Tamar Braxton Responds to Delta Airlines’ Statement Rebuking Her ‘Unusual Behavior’ Wednesday, August 1, 2018 Tamar Braxton has responded to a Delta Airlines statement blaming her “unusual behavior” and her refusal to follow a flight attendant’s instructions during a recent flight. Tamar’s sister Towanda accused a Delta pilot of ridiculing Tamar after the pilot left the safety of the reinforced cockpit to deal with the part-time singer’s unruly behavior. “@tamarbraxton got ridiculed by a pilot for flying while black on Delta,” Towanda wrote in an Instagram post dated July 28. “Wow! I guess being a diamond and double million miler...
  • Mom Jailed for Drinking One Glass of Wine on Flight to Dubai

    08/10/2018 3:36:52 PM PDT · by Simon Green · 116 replies
    Newsweek ^ | 08/10/18 | Christina Zhao
    A mother from the U.K. claimed she was arrested and jailed in Dubai for drinking one glass of wine onboard an Emirates flight last month. On July 13, Dubai International Airport immigration officers arrested and jailed Ellie Holman, 44, and her 4-year-old daughter in a detention center as her flight landed in the Persian Gulf country following an eight-hour flight. According to Holman, she was arrested because she drank a glass of red wine with her meal onboard the flight from London. Holman told MailOnline that an immigration officer questioned her upon arrival and then instructed her to purchase a...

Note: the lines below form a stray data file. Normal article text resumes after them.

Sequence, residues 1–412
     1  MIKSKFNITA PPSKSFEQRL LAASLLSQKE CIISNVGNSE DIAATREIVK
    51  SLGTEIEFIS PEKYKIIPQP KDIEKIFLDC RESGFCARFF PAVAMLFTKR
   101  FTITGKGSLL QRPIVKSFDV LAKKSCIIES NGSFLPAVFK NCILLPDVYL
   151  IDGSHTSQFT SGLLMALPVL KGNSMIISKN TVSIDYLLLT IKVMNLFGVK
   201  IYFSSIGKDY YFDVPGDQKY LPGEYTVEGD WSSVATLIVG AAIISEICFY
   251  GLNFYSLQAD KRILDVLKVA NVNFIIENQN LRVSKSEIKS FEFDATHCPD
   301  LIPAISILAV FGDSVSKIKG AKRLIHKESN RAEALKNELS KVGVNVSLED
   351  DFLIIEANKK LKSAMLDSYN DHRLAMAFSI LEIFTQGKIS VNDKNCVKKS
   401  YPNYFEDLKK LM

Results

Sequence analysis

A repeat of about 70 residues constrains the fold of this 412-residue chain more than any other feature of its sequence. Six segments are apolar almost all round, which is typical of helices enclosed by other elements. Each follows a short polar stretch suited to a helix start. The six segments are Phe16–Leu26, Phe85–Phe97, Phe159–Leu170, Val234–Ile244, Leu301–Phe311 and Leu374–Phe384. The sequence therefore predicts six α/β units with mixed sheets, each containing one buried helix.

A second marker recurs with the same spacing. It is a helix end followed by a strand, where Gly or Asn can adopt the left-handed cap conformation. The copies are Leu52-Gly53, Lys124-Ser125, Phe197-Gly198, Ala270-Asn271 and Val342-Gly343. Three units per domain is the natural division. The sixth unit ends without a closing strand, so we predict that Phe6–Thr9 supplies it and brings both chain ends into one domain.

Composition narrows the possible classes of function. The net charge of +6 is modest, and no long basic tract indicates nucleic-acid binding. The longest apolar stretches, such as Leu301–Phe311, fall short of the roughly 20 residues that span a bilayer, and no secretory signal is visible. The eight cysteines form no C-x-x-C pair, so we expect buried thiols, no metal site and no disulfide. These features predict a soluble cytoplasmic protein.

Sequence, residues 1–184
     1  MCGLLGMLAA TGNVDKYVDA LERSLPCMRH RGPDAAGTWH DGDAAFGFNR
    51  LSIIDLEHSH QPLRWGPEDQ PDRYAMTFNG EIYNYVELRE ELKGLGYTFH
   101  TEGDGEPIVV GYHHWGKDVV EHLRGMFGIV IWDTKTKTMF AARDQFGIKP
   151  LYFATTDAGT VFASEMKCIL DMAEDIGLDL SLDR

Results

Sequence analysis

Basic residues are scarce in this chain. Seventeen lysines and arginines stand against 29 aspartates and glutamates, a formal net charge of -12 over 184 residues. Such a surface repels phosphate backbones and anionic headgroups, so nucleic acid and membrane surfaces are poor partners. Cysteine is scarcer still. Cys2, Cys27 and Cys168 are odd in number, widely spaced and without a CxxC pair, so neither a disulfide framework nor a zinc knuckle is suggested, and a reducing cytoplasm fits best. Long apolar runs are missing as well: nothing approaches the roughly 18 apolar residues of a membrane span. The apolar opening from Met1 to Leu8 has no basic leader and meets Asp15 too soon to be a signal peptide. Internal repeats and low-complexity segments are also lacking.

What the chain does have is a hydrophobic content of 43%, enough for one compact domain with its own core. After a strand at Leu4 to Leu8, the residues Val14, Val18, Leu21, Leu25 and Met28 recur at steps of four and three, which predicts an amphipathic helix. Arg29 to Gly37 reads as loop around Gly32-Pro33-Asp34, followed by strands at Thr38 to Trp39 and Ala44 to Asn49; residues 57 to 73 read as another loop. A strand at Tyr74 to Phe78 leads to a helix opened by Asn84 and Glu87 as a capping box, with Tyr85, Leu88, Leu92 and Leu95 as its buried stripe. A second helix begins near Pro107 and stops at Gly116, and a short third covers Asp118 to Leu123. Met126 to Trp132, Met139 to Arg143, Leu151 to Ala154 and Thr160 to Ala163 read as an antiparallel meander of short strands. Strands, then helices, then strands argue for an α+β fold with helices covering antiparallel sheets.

• American Woman Dragged From Korean Air Flight For Refusing to Sit in Her Economy Seat

    08/02/2018 12:24:07 PM PDT · by 2ndDivisionVet · 56 replies
    Next Shark - The Voice of Global Asians ^ | August 1, 2018 | Khier Casino
    An American woman was forcibly removed from a Korean Air flight as she yelled “NUCLEAR DISARMAMENT” after it was delayed for an hour and 40 minutes. Video posted by Korea JoongAng Daily shows the 30-year-old woman, who originally paid for an economy seat, sitting down in the business class section on a flight bound for San Francisco that took off from Incheon International Airport on July 27. (VIDEO-AT-LINK) The woman did not want to get out of the seat and caused a commotion when flight attendants and airport police surrounded her and told her that she needed to sit in...
  • The Best And Worst Airlines To Fly This Summer

    07/24/2018 9:06:45 AM PDT · by Simon Green · 35 replies
    Forbes ^ | 07/21/18 | Christopher Elliott